Defendant nevertheless argues that the identity of " you" in the You Are There Release is so ambiguous as to render the contract unenforceable. See, e.g., Mamaroneck Ave. Corp v. 151 East Post Road Corp., 78 N.Y.2d 88, 91, 575 N.E.2d 104, 571 N.Y.S.2d 686 (1991). Specifically, defendant's counsel, while agreeing that the " you" cannot be Kole, and could have been Jayarvee (Valenti), argues that it could also have been an entity called Justin Time Records, which was the licensee of the Duets album that the Recordings were originally designed to be part of. Tr. 439-440; Defendant's Post-trial Brief dated October 31, 2013 at 3. But this is contradicted by Kole's own testimony, not to mention Valenti's. Neither of them -- the only two people involved in the creation of the You Are There Release -- testified that the release had anything to do with Justin Time Records, nor is there any other material evidence suggesting such a connection, and defendant's counsel's suggestion is therefore no more than unsupported speculation.

Defendant's counsel also argues that, even if the " you" is Valenti, that does not convey rights to the co-plaintiff here, Jayarvee Records. But the unequivocal evidence at trial demonstrated conclusively that, for all copyright purposes, Valenti always operated in the name of his solely owned corporation Jayarvee (i.e. Valenti's initials, J.R.V.) and that Kole at all times understood as much. Tr. 246.

In defendant's final, post-trial brief to the Court, defendant's counsel raises a number of additional arguments. Aside from being untimely, they are substantively meritless. For example, defendant argues

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that the subject matter of the You Are There Release is too indefinite to be enforceable. This is patently absurd. A list of four songs is clearly written on the You Are There Release, in Kole's own handwriting, with the notation " w/ Oscar Peterson" after the name of each song. Tr. 103-04. These can only refer to the (Peterson/Kole) Recordings.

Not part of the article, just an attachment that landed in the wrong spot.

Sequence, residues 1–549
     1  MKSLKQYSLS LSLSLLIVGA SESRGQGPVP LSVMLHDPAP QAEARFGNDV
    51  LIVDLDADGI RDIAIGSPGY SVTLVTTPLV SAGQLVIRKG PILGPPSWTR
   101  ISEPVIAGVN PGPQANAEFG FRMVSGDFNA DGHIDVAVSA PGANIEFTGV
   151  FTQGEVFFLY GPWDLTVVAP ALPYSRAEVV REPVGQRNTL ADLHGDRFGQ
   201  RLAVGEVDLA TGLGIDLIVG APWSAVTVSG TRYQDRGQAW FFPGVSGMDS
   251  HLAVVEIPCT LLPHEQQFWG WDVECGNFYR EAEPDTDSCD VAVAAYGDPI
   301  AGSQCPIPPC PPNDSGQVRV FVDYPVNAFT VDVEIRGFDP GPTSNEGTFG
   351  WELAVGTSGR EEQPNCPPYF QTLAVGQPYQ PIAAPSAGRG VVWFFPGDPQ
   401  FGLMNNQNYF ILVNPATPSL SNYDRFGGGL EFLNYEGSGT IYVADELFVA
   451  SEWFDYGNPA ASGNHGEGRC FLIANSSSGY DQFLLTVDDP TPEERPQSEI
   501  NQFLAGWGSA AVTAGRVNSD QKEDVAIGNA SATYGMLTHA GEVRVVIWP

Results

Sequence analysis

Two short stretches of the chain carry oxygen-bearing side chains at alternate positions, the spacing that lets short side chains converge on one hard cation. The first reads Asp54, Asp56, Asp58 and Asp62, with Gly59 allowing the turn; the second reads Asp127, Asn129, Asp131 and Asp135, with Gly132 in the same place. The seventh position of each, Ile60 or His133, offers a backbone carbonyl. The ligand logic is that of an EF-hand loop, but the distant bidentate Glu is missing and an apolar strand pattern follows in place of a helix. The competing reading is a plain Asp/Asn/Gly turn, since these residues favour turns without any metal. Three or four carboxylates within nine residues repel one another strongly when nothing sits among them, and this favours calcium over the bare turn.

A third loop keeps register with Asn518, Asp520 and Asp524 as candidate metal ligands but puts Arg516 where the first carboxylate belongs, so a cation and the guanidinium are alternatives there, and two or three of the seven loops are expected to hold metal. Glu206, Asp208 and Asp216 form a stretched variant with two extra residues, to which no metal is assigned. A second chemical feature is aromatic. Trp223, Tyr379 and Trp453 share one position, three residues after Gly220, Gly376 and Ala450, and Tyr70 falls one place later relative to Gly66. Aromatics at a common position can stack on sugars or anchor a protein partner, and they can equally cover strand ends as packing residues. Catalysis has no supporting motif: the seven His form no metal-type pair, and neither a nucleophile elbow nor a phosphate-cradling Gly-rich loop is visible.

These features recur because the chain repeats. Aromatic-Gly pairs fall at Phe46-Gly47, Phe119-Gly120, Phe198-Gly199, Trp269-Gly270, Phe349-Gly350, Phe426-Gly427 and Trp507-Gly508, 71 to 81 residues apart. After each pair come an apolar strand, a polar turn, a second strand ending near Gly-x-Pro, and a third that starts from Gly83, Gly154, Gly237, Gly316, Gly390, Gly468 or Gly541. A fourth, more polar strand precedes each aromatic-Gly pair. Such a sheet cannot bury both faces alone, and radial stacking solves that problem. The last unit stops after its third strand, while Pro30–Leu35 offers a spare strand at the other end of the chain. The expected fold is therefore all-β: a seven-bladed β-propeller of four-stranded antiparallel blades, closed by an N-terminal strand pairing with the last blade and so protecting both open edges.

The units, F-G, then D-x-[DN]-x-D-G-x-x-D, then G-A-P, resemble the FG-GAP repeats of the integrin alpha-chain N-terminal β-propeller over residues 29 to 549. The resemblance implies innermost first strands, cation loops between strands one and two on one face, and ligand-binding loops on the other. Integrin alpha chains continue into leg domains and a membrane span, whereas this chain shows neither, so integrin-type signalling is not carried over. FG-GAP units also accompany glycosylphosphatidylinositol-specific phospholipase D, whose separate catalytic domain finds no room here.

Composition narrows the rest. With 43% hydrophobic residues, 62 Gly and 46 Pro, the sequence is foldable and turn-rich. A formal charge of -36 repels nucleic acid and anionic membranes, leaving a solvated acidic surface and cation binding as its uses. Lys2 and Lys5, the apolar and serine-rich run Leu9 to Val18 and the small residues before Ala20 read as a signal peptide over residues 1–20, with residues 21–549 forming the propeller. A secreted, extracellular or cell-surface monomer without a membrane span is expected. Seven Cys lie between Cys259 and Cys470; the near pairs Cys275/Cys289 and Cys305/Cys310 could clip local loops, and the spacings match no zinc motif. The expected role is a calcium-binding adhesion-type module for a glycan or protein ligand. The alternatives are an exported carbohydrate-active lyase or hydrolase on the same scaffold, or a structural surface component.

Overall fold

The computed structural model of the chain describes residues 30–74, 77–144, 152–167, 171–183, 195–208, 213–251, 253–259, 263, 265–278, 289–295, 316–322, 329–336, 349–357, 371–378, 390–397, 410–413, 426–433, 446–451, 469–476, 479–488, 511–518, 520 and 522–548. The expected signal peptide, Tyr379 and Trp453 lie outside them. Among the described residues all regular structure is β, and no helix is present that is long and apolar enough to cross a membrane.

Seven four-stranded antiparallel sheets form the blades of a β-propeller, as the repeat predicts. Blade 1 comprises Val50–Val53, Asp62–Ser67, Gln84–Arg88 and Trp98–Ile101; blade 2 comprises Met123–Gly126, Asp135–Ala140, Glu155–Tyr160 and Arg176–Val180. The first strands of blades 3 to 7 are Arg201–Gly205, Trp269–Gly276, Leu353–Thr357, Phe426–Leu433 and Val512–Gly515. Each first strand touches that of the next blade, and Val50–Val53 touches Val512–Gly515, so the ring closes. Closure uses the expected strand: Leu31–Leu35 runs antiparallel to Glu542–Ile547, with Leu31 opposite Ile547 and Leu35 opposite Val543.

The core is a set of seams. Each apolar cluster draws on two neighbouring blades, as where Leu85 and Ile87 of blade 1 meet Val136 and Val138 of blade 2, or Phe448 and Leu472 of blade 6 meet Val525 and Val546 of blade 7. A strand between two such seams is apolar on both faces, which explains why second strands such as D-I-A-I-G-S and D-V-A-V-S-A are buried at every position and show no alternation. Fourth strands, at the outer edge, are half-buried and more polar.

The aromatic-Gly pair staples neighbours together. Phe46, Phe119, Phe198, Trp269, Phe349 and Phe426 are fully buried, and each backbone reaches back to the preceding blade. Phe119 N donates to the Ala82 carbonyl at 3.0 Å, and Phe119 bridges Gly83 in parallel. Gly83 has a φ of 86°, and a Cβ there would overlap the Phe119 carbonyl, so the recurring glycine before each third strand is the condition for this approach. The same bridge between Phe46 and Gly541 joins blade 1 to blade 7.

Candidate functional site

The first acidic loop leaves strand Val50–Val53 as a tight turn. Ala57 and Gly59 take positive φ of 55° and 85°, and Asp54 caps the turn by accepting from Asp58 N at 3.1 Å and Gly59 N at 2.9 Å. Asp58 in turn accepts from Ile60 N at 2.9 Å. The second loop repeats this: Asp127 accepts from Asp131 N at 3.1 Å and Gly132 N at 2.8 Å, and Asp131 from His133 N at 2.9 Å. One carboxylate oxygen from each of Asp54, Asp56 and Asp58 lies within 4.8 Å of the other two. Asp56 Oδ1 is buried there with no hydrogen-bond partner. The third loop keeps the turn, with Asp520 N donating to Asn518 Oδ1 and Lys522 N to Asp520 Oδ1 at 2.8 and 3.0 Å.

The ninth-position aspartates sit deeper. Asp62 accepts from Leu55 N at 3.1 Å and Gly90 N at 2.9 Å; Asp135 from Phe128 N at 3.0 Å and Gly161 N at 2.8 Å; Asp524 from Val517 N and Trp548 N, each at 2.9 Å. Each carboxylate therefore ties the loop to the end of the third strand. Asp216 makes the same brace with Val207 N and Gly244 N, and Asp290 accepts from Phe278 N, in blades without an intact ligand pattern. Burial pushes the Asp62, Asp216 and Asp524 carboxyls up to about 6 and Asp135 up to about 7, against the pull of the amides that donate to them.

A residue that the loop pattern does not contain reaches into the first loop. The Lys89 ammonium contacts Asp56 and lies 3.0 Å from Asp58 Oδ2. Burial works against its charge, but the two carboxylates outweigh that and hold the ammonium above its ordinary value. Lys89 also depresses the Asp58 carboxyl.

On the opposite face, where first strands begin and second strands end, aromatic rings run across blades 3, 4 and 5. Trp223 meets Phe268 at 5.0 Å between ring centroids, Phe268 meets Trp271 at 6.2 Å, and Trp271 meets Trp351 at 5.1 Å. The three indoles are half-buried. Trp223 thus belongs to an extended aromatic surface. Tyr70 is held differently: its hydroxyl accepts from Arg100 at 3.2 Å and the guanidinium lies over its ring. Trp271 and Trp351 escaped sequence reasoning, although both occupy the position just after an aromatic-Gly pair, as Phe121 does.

Defendant also notes that, where the parties to a transaction are in a confidential relationship, New York law places on the beneficiary of the transaction the burden of demonstrating the fairness of the transaction. Robinson v. Day, 103 A.D.3d 584, 585-86, 960 N.Y.S.2d 397; 103 A.D.3d 584, 960 N.Y.S.2d 397, 400 (1st Dept. 2013) (" [I]f a confidential relationship exists, the burden is shifted to the beneficiary of the transaction to prove the transaction [was] fair and free from undue influence." ). Relying on Robinson, defendant asserts that Kole and Valenti were still in a confidential relationship as of the date of the release and that Valenti therefore bears the burden to prove that the contract was fair. In this regard, defendant questions whether $100 consideration was actually paid, and asks the Court to find that, even if it was paid, the money likely came from Kole and Valenti's joint funds. In any event, defendant argues, $100 was inadequate consideration for the Peterson Recordings.

This defense is both untimely and, on the merits, unpersuasive. Defendant had ample opportunity to raise this defense at various stages in the litigation process, but chose not to mention it at all until closing argument at trial, and not to brief the issue (or refer to Robinson ) until defendant's post-trial reply, after plaintiff had already submitted its post-trial briefing, thus giving plaintiff no opportunity to respond. Thus, the defense is untimely and has been waived.